Monday, December 24, 2007

Ron Paul's Revealing Overreaction

Nathan Tabor wryly comments in this Town Hall column about Ron Paul's mean-spirited response to Mike Huckabee's Christmas ad. Interesting reading. Tabor suggests, for instance, that the Congressman's reaction not only shows an excessive and ugly bit of political paranoia but perhaps something even more disturbing.

...Earlier this week, presidential candidate Mike Huckabee released an ad titled “What Really Matters.” In the ad, he referred to “the celebration of the birth of Christ” and wished voters “Merry Christmas.” When Fox News asked Ron Paul for his take on the ad, Paul quoted Sinclair Lewis on “fascism carrying a cross” and accused Huckabee of positioning himself as “the only Christian running [for president].”

Leaving aside the question of whether Sinclair Lewis ever actually wrote what Paul attributed to him, one has to wonder what Paul was thinking.

Such a remark does absolutely nothing to hurt Huckabee; rather, Paul looks unhinged and out of step with the public. After years of politically correct nonsense about “keeping religion out of the public square” and increasingly frivolous lawsuits by the ACLU, many Americans would like to enjoy Christmas absent the intrusion of politics. Paul’s comment dredges up the past few years of the culture wars at a time when most Americans would like to tune out the political horse race in favor of quality time with their families. For a candidate whose claim to fame is his fervent grassroots support, Paul has quite the tin ear.

Worse still, Paul’s comment serves to reinforce the idea that out of the Republican field, Paul’s niche role is “the paranoid guy.” Obviously, an ad wishing voters a “Merry Christmas” has nothing in common with the doctrines of Hitler or Mussolini. Whether or not Paul meant it as such, his insinuation to the contrary is deeply insulting to the millions of Americans who profess to follow Christ.

Taken with other positions of Paul’s, such as his tendency to blame attacks by al Qaeda on American policies, and his dire warnings about the paper dollar and the Federal Reserve, one must seriously question his judgment. Problems such as illegal immigration, the war on terror, and the culture wars are grave matters that will require clear-eyed leadership and a discerning mind. Frankly, the last thing we need is a leader who sees problems where none exist, and views existing problems as impending disasters...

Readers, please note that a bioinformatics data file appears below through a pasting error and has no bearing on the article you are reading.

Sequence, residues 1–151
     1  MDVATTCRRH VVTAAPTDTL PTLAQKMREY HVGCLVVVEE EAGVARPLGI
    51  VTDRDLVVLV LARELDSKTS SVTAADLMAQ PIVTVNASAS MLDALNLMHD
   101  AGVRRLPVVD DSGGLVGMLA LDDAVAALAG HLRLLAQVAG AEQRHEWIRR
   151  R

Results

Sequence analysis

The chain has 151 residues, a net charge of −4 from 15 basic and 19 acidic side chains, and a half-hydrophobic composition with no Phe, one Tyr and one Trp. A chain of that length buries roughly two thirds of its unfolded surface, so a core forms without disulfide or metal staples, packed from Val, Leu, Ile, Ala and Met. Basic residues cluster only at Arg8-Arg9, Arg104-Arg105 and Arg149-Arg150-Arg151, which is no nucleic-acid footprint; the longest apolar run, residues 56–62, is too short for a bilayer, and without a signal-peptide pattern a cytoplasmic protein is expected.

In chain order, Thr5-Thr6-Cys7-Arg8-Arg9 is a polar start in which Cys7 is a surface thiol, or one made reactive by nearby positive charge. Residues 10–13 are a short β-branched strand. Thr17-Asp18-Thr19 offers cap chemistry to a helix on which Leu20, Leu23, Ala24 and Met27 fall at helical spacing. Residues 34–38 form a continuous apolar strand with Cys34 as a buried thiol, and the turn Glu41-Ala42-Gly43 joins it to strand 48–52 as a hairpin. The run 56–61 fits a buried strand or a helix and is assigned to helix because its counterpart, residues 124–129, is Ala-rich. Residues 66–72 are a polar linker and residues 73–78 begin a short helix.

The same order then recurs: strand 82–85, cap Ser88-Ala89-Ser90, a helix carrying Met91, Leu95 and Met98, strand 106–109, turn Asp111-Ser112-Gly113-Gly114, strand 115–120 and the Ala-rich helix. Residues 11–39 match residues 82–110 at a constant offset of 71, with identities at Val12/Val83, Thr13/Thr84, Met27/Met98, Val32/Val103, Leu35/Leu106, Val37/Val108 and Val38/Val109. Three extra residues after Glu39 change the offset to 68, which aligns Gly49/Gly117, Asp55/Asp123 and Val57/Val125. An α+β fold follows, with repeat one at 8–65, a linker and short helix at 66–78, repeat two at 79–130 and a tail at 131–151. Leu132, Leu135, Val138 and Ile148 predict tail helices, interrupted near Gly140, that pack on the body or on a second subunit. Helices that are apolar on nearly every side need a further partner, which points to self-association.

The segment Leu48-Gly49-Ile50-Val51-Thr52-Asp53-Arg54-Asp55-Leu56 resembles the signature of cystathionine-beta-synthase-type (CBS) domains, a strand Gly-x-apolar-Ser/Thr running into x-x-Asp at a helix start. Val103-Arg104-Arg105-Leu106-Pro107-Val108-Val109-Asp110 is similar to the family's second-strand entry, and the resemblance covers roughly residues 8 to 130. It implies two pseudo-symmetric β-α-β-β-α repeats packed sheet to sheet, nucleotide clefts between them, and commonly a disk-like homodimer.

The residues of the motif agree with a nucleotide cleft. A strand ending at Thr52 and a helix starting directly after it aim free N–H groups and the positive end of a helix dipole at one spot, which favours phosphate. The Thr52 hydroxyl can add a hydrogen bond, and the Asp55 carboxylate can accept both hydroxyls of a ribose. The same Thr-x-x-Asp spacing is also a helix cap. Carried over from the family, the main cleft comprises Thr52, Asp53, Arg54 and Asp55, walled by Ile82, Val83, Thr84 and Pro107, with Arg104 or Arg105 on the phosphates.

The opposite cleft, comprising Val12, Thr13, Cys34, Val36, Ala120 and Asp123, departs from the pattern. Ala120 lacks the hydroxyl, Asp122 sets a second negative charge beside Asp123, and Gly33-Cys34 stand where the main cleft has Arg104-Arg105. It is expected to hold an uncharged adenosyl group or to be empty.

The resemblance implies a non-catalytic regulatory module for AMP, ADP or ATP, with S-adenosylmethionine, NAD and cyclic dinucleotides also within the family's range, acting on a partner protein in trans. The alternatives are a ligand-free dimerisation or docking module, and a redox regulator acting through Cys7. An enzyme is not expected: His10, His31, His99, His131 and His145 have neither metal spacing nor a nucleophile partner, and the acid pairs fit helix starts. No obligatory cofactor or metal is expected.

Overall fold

columnist James Pinkerton also weighed in on the matter:

Is Mike Huckabee a fascist? That's the insinuation from Ron Paul, one of Huckabee's rivals for the Republican presidential nomination. And it's a cheap shot. One needn't agree with, or even like, Huckabee to know that throwing around the f-word "fascism" is a low blow.

This story is important, because it speaks to the larger question of whether Christians can fully participate in politics without being slurred. Here's the context: Huckabee ran a TV spot in which the former Arkansas governor wishes Americans a "Merry Christmas." And in the background, there's a windowpane, or some shelving, that looks a bit like a cross.

On Fox News on Tuesday, Paul was asked his opinion of the spot. The Texas congressman declared: "It reminds me of what Sinclair Lewis once said. He says, 'When fascism comes to this country, it will be wrapped in the flag, carrying a cross.' "

Then Paul caught himself a little: "Now, I don't know whether that's a fair assessment or not, but you wonder about using a cross, like he is the only Christian or implying that subtly." It's hard to know if Huckabee was pitching his Christianity. But it's easy to know that Paul smeared Huckabee.

The author Sinclair Lewis is remembered for skewering Protestant evangelicals in his 1927 novel "Elmer Gantry." Then in 1935, Lewis' "It Can't Happen Here" took one step further, envisioning a fascist takeover of the United States, led by a cornpone politician in league with religious-radio demagogues. In other words, Paul, by citing Lewis, must have known he was invoking the name of a fiercely biting critic of religion in America. Faith-minded Republicans might take note, as they ponder Paul...